Science & Technology
PLATFORM APPLICATIONS & PARTNERING

The MILs™ platform has the power and flexibility to improve cell therapies across the medical landscape, creating better, more durable clinical responses in patients.

We intend to explore the vast possibilities for leveraging the differentiating features of MILs to create a broad pipeline of next-generation cell therapies based on our unique and proprietary process of activating and expanding memory T cells from the bone marrow.

WindMIL is open to partnerships and collaborations to further explore use of unmodified MILs and genetically-modified MILs. Potential partners and collaborators are invited to contact WindMIL at inquiries@windmiltherapeutics.com.

MILs Platform infographic

 

Power and flexibility of the MILs Platform

MILs have the potential to be used in both unmodified and gene-modified forms, creating next-generation cell therapies that are well-suited to address the diversity of treatment approaches required by today’s cancer patients.

Unmodified MILs™

  • Naturally tumor-specific, unmodified MILs recognize a broad spectrum of cancer antigens, are superior tumor cell killers and highly persistent
  • Unmodified MILs (alone and in combination) are being explored to treat hematologic malignancies and solid tumors
  • Our two lead clinical programs are exploring use of MILs as novel autologous cell therapies to treat high-risk multiple myeloma and non-small cell lung cancer
    • High-risk multiple myeloma: Fully-enrolled, randomized, multi-center Phase 2 study (two-year data readout in 2H 2020)
    • NSCLC (PD-1 relapsed/refractory): Open label, single-arm, multi-center Phase 2a study of MILs in combination with an anti-PD-1 (initiating 2H 2019)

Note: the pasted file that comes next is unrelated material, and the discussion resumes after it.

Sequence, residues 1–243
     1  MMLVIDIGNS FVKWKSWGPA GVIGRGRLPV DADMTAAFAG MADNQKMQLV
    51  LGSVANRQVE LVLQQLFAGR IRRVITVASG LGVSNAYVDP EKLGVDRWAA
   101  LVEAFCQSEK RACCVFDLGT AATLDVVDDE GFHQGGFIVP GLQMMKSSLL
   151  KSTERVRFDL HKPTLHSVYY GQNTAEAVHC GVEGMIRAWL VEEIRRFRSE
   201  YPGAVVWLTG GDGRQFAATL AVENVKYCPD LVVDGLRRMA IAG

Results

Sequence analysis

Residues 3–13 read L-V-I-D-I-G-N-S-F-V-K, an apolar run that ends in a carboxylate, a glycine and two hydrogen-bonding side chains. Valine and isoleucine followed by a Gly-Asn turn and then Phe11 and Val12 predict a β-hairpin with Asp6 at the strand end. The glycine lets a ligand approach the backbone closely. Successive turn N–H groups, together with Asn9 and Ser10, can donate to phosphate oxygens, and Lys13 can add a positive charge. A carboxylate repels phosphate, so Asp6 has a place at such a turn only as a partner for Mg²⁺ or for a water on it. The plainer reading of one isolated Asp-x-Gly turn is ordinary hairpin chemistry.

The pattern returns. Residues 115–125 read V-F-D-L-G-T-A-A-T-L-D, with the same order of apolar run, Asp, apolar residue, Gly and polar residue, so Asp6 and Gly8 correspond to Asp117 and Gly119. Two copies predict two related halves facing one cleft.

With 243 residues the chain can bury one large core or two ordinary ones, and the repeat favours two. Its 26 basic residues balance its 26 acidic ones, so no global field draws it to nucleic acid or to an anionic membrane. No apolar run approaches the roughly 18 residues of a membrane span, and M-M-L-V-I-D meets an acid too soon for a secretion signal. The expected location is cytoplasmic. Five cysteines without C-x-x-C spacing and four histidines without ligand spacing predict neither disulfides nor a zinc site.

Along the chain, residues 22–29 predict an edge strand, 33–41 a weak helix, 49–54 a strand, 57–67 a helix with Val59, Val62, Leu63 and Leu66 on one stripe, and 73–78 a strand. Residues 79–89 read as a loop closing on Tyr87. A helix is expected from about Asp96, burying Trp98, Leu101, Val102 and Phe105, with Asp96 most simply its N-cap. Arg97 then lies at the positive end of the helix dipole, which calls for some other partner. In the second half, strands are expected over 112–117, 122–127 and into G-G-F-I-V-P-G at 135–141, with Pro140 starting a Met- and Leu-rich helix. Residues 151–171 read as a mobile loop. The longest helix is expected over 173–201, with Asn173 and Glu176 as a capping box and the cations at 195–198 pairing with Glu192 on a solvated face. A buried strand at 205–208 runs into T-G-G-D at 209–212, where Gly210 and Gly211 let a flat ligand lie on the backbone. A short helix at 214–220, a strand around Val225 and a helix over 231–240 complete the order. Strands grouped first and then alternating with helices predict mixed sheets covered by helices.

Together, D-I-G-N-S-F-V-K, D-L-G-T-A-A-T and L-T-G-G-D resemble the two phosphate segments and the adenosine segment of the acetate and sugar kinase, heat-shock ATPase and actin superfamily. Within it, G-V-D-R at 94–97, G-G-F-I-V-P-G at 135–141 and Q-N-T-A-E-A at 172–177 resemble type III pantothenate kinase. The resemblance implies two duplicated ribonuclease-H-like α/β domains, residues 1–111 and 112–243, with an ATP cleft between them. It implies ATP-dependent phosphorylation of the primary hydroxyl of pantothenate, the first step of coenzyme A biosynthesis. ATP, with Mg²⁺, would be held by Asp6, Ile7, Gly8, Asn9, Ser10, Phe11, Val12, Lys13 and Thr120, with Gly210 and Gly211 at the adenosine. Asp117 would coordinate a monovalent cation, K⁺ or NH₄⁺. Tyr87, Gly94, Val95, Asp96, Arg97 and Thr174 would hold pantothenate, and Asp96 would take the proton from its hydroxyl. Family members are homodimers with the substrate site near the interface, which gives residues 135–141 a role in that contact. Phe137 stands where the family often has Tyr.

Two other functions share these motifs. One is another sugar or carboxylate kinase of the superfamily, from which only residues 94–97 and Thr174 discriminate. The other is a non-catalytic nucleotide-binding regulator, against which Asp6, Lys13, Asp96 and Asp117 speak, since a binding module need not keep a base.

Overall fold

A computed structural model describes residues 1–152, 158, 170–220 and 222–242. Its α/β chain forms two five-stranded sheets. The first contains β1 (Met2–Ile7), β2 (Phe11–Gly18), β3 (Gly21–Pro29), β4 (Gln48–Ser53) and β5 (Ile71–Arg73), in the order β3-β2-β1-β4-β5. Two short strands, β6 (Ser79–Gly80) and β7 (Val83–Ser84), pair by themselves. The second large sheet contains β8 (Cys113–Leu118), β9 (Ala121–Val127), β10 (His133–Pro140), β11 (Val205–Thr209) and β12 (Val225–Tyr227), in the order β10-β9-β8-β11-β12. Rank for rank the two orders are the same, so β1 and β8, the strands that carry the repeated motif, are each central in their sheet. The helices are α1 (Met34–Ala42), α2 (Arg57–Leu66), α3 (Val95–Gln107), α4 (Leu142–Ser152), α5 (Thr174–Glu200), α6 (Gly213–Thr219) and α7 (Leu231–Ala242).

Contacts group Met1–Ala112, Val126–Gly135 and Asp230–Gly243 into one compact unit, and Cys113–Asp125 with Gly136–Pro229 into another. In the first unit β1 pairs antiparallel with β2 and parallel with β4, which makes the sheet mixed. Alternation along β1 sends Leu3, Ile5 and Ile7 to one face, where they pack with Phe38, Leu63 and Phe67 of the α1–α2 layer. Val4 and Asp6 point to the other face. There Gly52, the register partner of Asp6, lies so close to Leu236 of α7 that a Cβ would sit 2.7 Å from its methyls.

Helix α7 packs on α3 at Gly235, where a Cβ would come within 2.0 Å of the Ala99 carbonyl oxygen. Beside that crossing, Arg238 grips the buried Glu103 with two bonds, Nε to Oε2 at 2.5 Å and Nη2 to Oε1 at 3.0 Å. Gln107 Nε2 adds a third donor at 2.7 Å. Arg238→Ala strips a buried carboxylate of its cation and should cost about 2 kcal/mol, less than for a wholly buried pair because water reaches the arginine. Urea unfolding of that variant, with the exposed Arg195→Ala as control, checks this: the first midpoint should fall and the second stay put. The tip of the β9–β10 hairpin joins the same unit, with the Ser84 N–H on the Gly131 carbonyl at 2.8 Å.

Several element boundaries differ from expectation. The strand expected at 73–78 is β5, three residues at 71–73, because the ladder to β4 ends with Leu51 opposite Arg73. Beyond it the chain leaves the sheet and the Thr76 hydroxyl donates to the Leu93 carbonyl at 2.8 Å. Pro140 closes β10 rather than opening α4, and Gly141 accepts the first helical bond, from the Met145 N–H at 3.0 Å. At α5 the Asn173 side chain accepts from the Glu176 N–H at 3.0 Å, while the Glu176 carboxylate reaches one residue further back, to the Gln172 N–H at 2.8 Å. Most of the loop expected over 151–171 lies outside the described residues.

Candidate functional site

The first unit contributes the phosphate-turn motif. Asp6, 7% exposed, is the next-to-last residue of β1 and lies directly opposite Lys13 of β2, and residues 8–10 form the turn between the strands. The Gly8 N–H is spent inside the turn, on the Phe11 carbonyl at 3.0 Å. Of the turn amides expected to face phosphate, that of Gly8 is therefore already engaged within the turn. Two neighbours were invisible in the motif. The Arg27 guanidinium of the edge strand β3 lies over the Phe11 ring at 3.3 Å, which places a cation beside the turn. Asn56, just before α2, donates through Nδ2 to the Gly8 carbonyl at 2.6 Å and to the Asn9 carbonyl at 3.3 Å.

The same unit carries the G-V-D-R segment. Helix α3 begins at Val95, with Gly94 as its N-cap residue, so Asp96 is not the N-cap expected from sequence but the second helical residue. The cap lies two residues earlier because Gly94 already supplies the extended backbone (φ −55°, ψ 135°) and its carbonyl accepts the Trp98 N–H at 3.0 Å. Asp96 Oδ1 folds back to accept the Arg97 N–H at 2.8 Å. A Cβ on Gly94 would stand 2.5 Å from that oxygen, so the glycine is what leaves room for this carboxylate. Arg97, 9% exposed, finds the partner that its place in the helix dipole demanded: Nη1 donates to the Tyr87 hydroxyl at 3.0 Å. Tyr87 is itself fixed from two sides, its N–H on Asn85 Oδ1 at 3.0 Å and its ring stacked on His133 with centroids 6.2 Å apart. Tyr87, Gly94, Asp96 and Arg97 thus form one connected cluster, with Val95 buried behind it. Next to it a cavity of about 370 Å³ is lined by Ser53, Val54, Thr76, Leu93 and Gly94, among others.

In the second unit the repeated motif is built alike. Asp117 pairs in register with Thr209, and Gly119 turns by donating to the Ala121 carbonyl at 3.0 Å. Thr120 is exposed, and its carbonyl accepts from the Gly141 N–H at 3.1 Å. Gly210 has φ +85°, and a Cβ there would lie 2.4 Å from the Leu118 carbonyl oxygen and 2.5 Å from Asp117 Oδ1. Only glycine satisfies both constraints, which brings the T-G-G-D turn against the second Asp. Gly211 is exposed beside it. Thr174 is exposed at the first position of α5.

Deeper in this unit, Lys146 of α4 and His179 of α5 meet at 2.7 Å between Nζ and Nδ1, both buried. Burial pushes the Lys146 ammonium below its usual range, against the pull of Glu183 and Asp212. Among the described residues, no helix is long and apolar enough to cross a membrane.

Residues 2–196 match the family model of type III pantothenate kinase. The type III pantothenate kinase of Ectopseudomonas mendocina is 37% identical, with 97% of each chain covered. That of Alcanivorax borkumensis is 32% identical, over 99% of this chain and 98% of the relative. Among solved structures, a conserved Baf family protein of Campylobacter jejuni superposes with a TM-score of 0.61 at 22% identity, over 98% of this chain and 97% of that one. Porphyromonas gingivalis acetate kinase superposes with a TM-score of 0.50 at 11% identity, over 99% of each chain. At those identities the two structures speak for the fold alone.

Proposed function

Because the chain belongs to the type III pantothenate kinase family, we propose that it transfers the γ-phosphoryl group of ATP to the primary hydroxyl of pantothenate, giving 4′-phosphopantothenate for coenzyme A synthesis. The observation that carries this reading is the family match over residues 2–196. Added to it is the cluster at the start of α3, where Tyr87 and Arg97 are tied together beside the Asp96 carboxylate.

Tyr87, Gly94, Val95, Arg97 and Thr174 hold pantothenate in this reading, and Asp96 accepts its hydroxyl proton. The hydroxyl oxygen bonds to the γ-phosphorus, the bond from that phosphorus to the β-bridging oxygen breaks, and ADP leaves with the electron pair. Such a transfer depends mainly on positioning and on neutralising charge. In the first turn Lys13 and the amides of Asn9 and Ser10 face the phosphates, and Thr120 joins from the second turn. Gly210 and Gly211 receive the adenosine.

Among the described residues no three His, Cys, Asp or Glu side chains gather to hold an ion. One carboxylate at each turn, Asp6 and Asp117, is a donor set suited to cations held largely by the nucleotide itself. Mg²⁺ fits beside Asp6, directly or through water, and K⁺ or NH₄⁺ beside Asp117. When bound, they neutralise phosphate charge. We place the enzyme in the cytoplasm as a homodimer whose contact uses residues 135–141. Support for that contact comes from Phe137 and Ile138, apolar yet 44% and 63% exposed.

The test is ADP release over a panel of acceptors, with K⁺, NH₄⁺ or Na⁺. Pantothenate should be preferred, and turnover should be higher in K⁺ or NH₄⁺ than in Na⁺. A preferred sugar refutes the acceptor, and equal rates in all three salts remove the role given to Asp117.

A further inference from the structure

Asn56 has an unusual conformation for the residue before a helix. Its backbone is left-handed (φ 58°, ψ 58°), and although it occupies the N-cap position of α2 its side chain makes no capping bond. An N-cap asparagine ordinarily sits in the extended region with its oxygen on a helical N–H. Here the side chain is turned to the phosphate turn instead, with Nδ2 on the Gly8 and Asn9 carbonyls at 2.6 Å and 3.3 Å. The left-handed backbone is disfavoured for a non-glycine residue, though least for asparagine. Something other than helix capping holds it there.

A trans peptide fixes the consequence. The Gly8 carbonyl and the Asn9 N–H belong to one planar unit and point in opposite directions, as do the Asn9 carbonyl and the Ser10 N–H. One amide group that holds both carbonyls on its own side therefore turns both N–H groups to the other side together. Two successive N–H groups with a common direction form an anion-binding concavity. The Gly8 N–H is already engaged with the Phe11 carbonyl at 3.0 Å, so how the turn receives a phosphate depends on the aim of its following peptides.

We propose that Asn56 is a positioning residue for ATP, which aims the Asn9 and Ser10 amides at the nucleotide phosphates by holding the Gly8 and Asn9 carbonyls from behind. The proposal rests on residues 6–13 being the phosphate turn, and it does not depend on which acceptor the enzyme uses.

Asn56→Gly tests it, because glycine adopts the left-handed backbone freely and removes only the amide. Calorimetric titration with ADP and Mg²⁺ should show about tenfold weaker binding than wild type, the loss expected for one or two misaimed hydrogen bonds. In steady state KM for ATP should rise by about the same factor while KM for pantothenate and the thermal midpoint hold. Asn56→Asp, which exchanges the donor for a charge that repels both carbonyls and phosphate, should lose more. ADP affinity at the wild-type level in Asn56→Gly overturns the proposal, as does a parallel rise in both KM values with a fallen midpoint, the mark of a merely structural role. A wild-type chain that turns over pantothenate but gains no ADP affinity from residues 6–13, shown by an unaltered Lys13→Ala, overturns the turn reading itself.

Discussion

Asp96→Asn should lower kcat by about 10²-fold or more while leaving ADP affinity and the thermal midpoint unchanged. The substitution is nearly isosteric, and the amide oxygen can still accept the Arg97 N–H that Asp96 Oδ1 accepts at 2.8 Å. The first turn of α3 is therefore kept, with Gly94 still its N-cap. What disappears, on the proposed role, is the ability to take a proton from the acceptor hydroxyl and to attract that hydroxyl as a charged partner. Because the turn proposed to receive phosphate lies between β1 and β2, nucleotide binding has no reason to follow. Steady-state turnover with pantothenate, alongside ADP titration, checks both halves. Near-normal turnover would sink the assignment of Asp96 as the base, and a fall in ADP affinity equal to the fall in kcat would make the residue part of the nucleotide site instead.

• WindMIL is quickly advancing additional MILs programs in both hematologic and solid tumors
    • WindMIL plans to launch additional studies in early 2020 in other solid tumor indications
  • WindMIL is open to collaborations to further explore use of unmodified MILs

Genetically Modified MILs

  • CAR-MILs™ – Current chimeric antigen receptor T-cell (CAR T) therapies face three challenges: antigen escape variants, suboptimal trafficking into the tumor microenvironment and lack of persistence. MILs are an ideal backbone for better CAR T therapies due to their natural tumor specificity and memory T-cell phenotype, which is a less ‘exhausted’ phenotype than the effector T cells found in the peripheral blood (the source of T cells for current CAR therapies). Specifically, MILs:
    • Retain non-CAR-based tumor specificity through the native TCR – CAR T therapy has led to meaningful remissions for cancer patients. But advances have come by targeting only a single antigen expressed on a tumor cell. Targeting just one antigen allows the cancer to ultimately develop ways to evade the immune system (via the formation of antigen-escape variants). A key MILs feature is their polyclonal makeup and natural ability to recognize and kill numerous tumor cell variants via their native T-cell receptor (TCR) even after transduction and CAR engagement.
    • Home to both the tumor site via increased CXCR4 expression – Expression of SDF-1 in the stroma of solid tumors acts as a beacon for MILs, guiding the therapy to the tumor site where it can engage and kill tumor cells.
    • At lower effector to target ratios, CAR-MILs are more effective than CAR-PBLs – WindMIL has demonstrated in vitro that the memory phenotype of CAR-MILs enhances the killing ability of MILs as demonstrated in cellular assays.
    • Persist over the long-term – the memory phenotype of MILs is also responsible for their persistence in vivo. MILs are detectable up to eight years post-infusion and also display superior efficacy over repeated challenge.
  • X-MILs – There is also great potential for developing cell therapies based on MILs with other novel genetic modifications. Such modifications could act as a payload leveraging the inherent tumor specificity of MILs. Alternatively, genetic modifications could include changes to boost cell-killing activity, or modifications to counter tumor cells’ efforts to evade the immune system.